A few might surprise you.
If you’re thinking about moving to a fast-growing city, you might make a few assumptions about what it will be like. There will be lots of jobs. There will be plenty to do. And it will be super expensive.
In some places that’s completely true. But not all cities grow in the same way—meaning some high-growth metros are way more affordable than others. We dug into the data around jobs, population, development, and home values across the U.S., and we found that in the decade since the 2008 financial crisis, different parts of the U.S. have recovered very differently.
For one thing, between 2012-2017, rural, non-metropolitan counties saw population declines of 1 percent while the largest 100 metro areas grew by 4.8 percent. The result is that rural areas have stagnated in terms of jobs and home values. In the growing metro areas, it’s not just a whole different story, but two different stories. That’s because when more people move in, cities either make room for them, or they don’t. If new housing developments can’t keep up with population growth, the laws of supply and demand kick in—and home prices skyrocket. In places where new apartments, condos, and housing developments can absorb the growth, residents enjoy a little more affordability, even as the housing market strengthens. To learn more about these trends, check out our full report.
Interested in how these trends affect homes and neighborhoods in some of the most popular U.S. cities? We checked out six high-growth cities to see how development is affecting affordability in each.
Thinking of making a strategic move to the bustling city? These metro areas are experiencing the largest growth in jobs, housing values, and population.
- Population Growth (2012-2017): 5.3 percent
- Employment Growth (2012-2017): 14.5 percent
- New People Per Permit Issued: 2.13
- Home Value Appreciation (2012-2018): 122.7 percent
The heart of Silicon Valley, San Jose is home to Cisco, eBay, Adobe, PayPal, and countless startups. With all the tech money floating around, you really have to look hard to find a good deal on a home—or, you can just go to the North Valley neighborhood. Now, affordability is relative in a city where the median home sales price is a cool $1,050,000. But in North Valley, you can find homes for less than $300,000 in a modern manufactured home community. Though parts of North Valley are walkable, 75 percent of locals say that a car is needed. After a long day of work, you might enjoy the fact that this is a diverse neighborhood with even more diverse food options, covering a wide range of cuisines from Cambodian fare to New York-style pizza.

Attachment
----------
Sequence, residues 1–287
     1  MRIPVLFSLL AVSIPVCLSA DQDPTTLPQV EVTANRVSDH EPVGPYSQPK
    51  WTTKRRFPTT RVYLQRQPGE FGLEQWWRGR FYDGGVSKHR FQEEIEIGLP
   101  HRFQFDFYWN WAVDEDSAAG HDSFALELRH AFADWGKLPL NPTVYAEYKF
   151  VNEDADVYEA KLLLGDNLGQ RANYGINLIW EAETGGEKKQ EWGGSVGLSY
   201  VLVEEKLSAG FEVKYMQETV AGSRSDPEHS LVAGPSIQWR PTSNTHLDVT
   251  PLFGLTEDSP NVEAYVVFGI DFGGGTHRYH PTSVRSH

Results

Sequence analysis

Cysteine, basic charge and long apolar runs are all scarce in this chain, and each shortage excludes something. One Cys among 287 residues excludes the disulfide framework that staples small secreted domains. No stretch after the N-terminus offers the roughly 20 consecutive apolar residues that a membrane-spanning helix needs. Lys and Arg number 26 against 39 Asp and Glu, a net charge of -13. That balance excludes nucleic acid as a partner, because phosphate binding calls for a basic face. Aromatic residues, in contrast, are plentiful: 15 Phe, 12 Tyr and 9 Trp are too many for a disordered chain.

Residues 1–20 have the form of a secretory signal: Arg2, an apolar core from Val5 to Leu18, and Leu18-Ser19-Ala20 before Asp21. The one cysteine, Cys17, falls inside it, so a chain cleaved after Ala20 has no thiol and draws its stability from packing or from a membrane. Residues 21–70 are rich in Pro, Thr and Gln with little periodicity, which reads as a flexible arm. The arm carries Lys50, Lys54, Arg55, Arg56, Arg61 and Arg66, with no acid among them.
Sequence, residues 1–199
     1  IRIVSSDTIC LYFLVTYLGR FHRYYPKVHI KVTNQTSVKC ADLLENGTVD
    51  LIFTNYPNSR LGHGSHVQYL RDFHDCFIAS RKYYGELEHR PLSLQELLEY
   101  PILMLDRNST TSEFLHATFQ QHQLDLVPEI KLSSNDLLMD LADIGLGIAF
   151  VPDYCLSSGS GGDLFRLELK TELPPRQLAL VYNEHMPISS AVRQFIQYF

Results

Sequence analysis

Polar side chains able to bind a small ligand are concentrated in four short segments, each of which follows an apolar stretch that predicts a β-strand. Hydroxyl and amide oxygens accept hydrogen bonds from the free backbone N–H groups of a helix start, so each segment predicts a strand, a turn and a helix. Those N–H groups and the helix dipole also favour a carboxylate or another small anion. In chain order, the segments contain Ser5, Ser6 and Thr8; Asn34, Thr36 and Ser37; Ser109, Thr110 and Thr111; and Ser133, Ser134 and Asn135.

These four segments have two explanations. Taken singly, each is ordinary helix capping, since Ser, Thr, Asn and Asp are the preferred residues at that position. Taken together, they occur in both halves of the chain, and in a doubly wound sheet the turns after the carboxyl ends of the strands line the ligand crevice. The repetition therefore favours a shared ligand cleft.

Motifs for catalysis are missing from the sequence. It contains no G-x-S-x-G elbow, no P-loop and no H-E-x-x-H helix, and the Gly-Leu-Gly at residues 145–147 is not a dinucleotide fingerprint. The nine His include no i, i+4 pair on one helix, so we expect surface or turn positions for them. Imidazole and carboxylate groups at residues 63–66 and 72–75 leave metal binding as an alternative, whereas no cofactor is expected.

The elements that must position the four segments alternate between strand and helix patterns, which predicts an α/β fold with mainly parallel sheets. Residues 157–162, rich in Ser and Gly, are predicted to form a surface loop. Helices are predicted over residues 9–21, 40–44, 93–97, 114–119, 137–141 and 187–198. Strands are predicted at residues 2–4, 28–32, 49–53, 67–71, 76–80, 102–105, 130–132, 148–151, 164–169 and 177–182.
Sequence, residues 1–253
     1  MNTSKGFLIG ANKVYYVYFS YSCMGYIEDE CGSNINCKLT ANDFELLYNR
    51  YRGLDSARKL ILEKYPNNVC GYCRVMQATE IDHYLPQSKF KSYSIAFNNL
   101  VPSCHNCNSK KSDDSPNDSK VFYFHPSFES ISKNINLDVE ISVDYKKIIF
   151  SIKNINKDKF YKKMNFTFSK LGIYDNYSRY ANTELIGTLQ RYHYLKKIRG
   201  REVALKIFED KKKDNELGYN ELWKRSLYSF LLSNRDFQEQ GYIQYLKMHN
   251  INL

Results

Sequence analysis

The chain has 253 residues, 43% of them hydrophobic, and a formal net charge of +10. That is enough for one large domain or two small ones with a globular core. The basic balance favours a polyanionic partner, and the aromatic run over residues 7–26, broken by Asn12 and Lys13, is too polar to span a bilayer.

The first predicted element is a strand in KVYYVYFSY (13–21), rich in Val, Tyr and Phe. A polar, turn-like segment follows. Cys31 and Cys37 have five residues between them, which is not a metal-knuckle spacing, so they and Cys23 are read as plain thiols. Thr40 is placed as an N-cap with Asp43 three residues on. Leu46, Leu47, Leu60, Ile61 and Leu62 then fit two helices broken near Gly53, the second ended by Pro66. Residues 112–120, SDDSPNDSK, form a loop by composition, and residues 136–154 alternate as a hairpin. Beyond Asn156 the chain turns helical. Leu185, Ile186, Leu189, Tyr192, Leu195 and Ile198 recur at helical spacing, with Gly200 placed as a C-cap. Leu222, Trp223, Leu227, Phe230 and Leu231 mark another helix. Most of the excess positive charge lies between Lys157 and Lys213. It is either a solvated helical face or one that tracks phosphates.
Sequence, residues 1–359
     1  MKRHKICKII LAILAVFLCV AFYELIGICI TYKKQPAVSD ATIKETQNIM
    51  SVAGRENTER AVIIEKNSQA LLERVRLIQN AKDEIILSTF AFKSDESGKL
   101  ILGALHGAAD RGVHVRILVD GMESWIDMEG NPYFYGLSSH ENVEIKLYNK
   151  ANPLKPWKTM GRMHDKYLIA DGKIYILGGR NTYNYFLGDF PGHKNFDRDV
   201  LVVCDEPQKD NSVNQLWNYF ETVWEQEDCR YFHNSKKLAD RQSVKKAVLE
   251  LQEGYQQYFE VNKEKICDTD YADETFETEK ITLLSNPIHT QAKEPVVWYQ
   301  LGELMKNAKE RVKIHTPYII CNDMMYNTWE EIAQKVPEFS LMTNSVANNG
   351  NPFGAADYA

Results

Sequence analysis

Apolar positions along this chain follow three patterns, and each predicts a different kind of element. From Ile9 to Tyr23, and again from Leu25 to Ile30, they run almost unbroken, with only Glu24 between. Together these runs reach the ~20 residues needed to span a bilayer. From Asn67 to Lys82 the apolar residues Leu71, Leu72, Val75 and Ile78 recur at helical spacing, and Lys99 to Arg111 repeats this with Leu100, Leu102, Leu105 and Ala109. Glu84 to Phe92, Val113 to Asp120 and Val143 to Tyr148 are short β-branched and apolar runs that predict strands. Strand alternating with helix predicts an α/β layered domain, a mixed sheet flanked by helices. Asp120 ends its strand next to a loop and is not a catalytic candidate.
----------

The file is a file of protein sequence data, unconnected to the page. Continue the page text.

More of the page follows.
- Population Growth (2012-2017): 10.4 percent
- Employment Growth (2012-2017): 14.2 percent
- New People Per Permit Issued: 2.99
- Home Value Appreciation (2012-2018): 114.2 percent
Lately, what happens in Las Vegas is that people stay in Las Vegas. The biggest employers are, unsurprisingly, in the casino and hospitality sector. But the success of Zappos has inspired smaller tech company to try out this desert city. So go ahead, take a gamble on a new venture here.
If you’re looking to settle down, locals speak highly of Paradise, a neighborhood south of the famous Strip. It’s a neighborhood that covers a lot of ground, physically and financially: Prices range from under $100,000 for a condo to $9,800,000 for a two-story penthouse. Eighty-seven percent of residents agree you’ll need a car here, because really, who wants to hike in desert temps? But you may find yourself so comfortable in Paradise that you won’t bother driving to the Strip much anyway. “This neighborhood is like a different world,” says one local on Trulia’s What Locals Say feature. “It feels cozier than the rest of Las Vegas. Grassy front yards, aged trees, green parks, and plenty of friendly neighbors.”
- Population Growth (2012-2017): 6.6 percent
- Employment Growth (2012-2017): 11.9 percent
- New People Per Permit Issued: 3.81
- Home Value Appreciation (2012-2018): 108.4 percent